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Much Ado About Nothing

A photograph of a performance of Much Ado About Nothing

Introduction to the play

One of Shakespeare’s most frequently performed comedies, Much Ado About Nothing includes two quite different stories of romantic love. Hero and Claudio fall in love almost at first sight, but an outsider, Don John, strikes out at their happiness. Beatrice and Benedick are kept apart by pride and mutual antagonism until others decide to play Cupid.

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Cover of the Folger Shakespeare edition of Much Ado About Nothing

The Folger Shakespeare

Our bestselling editions of Shakespeare's plays and poems

… I
was born to speak all mirth and no matter.

Act 2, scene 1, lines 322–23

Sigh no more, ladies, sigh no more,
      Men were deceivers ever,
One foot in sea and one on shore,
      To one thing constant never.

Act 2, scene 3, lines 64–67

Much Ado About Nothing in our collection

A selection of Folger collection items related to Much Ado About Nothing. Find more in our digital image collection

Photograph of a production of Much Ado About Nothing starring E.H. Sothern and Julia Marlowe.
Act 5, scene 3: The penitent Claudio, Don Pedro, etc. at the supposed tomb of Hero. By Alexandre Bida.
Mary Jo Tydlacka. Chesapeake Shakespeare Company's Much Ado About Nothing at the Patapsco Female Institute. Watercolor, 2005
Boston Museum Theatre. Much Ado About Nothing and Loan of a Lover. Playbill, 13 October 1858

Essays and resources from The Folger Shakespeare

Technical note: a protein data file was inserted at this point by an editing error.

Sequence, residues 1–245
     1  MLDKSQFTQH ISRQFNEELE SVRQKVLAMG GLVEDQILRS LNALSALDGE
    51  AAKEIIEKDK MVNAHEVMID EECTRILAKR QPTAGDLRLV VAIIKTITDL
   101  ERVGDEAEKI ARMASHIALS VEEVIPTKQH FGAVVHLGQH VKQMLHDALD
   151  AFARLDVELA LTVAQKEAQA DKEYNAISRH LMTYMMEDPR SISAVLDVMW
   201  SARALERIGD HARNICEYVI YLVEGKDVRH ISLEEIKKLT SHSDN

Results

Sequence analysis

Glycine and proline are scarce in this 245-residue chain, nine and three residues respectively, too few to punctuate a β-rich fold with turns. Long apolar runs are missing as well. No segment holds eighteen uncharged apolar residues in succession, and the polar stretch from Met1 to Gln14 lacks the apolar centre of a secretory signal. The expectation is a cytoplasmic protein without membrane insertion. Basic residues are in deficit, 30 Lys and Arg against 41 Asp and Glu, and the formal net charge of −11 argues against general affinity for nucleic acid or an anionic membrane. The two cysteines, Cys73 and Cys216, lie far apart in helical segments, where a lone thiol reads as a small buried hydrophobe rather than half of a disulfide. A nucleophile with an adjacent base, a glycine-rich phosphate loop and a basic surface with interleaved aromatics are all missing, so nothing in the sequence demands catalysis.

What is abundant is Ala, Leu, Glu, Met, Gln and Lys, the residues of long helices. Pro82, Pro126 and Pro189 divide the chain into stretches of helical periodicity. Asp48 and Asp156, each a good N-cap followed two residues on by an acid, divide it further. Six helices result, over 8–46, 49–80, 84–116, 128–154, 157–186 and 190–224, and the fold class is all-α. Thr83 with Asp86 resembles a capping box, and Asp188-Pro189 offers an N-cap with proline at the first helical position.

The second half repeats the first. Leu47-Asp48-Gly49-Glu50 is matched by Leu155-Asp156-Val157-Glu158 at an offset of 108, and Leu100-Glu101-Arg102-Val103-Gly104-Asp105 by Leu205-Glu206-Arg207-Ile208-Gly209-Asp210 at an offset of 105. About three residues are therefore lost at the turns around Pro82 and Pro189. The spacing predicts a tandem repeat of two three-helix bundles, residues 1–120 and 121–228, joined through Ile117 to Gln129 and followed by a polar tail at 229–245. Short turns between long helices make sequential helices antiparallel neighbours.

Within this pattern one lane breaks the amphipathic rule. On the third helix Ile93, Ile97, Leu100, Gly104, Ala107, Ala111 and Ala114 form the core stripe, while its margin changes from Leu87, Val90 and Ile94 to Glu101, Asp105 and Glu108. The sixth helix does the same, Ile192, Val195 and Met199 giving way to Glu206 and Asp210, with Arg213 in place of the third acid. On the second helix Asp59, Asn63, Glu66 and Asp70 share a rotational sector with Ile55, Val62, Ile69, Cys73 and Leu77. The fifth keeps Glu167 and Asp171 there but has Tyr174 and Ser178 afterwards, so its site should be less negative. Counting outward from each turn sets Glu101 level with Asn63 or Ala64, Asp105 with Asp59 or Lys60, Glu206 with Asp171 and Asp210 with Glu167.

Much Ado About Nothing

Learn more about the play, its language, and its history from the experts behind our edition.

About Shakespeare’s Much Ado About Nothing
An introduction to the plot, themes, and characters in the play

Reading Shakespeare’s Language
A guide for understanding Shakespeare’s words, sentences, and wordplay

An Introduction to This Text
A description of the publishing history of the play and our editors’ approach to this edition

Shakespeare and his world

Learn more about Shakespeare, his theater, and his plays from the experts behind our editions.

Shakespeare’s Life
An essay about Shakespeare and the time in which he lived

Shakespeare’s Theater
An essay about what theaters were like during Shakespeare’s career

The Publication of Shakespeare’s Plays
An essay about how Shakespeare’s plays were published

Related blog posts and podcasts

Teaching Much Ado About Nothing

Early printed texts

Much Ado About Nothing was first published in 1600 as a quarto (Q1) and then included in the 1623 First Folio (F1). There is little difference between the dialogue of the two texts, although Q1’s stage directions and speech prefixes are often more confusing than those in F1. The Folger Shakespeare edition is based on Q1, with changes to the text indicated in half-brackets.